20. Pluto mission

The launch of New Horizons on the Atlas V 551.
New Horizons is a space probe launched by NASA on 19 January 2006, to the dwarf planet Pluto and on an escape trajectory from the Sun. It is the first man-made spacecraft to go to Pluto. Its flight took eight years. It arrived at the Pluto-Charon system on July 14, 2015. The primary mission of New Horizons is to study Pluto and its system of moons. The secondary mission is to study any objects in the Kuiper Belt, if something became available for a flyby.

The space probe set the record for the fastest man-made object ever launched, with the Earth-relative speed of about 16.26 km/s, although, arguably, the Helios probes got a faster Sun-relative speed. It used a gravity assist from Jupiter to get there. In 2019 the probe is expected to flyby and study a small Kuiper Belt object. After that, it won’t have enough propellant to go to another target. It will continue to report about its environment.

21. Landing on titan

Cassini-Huygens mission

On July 1, 2004, the Cassini-Huygens probe entered into orbit around Saturn. On December 25, 2004, the Huygens probe separated from the Cassini probe and started to move towards Titan. It landed on Titan’s surface on January 14, 2005. It landed on a dry surface, but it confirmed that large bodies of liquid exist on the moon.  Cassini proved in July, 2006 that Titan contained hydrocarbon lakes, located near its north pole. In March, 2007, it discovered a large hydrocarbon lake the size of the Caspian Sea near its north pole. The lake of liquid methane has been named Kraken Mare. In 2009, Nasa showed a photograph showing the sunlight reflecting off the surface of the lake. This was the first ever picture of liquid on another world.

22. Landing on a comet and an asteroid

12 February 2001
First landing on an asteroid (433 Eros)

Europe (ESA) Japan (JAXA)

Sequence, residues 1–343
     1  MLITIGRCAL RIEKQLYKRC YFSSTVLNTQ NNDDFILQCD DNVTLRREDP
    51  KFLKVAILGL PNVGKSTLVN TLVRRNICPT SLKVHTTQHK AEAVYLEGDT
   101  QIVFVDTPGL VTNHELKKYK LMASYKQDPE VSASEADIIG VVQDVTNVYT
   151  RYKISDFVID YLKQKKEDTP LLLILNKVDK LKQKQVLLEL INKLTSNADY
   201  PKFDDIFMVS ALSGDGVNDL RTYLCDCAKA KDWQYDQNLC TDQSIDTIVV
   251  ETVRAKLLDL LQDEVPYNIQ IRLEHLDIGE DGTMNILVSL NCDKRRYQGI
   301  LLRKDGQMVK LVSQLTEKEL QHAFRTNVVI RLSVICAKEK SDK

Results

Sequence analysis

23. Moon landing

Apollo 11

Apollo 11 become the first human mission to the surface of the Moon.

24. Spacecraft lands on venus The Venera (Russian: Венера, pronounced [vʲɪˈnʲɛrə]) series space probes were developed by the Soviet Union between 1961 and 1984 to gather data from Venus, Venera being the Russian name for Venus. probes of the series became the first human-made devices to enter the atmosphere of another planet (Venera 4 on October 18, 1967), to make a soft landing on another planet (Venera 7 on December 15, 1970), to return images from the planetary surface (Venera 9 on June 8, 1975), and to perform high-resolution radar mapping studies of Venus (Venera 15 on June 2, 1983).

25. Pioneers and voyagers spacecrafts The Pioneer program is a series of United States unmanned space missions that were designed for planetary exploration. There were a number of such missions in the program, but the most notable were Pioneer 10 and Pioneer 11, which explored the outer planets and left the solar system. Pioneer 10 and Pioneer 11 carry a golden plaque, depicting a man and a woman and information about the origin and the creators of the probes, should any extraterrestrials find them someday.

The Voyager program is a continuing American scientific program that employs two robotic probes, Voyager 1 and Voyager 2, to study the outer Solar System. They were launched in 1977 to take advantage of a favorable alignment of Jupiter, Saturn, Uranus, and Neptune, and are now exploring the outer boundary of the heliosphere in interstellar space. Although their original mission was to study only the planetary systems of Jupiter and Saturn, Voyager 2 continued on to Uranus and Neptune, and both Voyagers are now tasked with exploring interstellar space. Their mission has been extended three times, and both probes continue to collect and relay useful scientific data. Neither Uranus nor Neptune has been visited by any probe other than Voyager 2.

On 25 August 2012, data from Voyager 1 indicated that it had become the first human-made object to enter interstellar space, traveling “further than anyone, or anything, in history”. As of 2013, Voyager 1 was moving with a velocity of 17 kilometers per second (11 mi/s) relative to the Sun.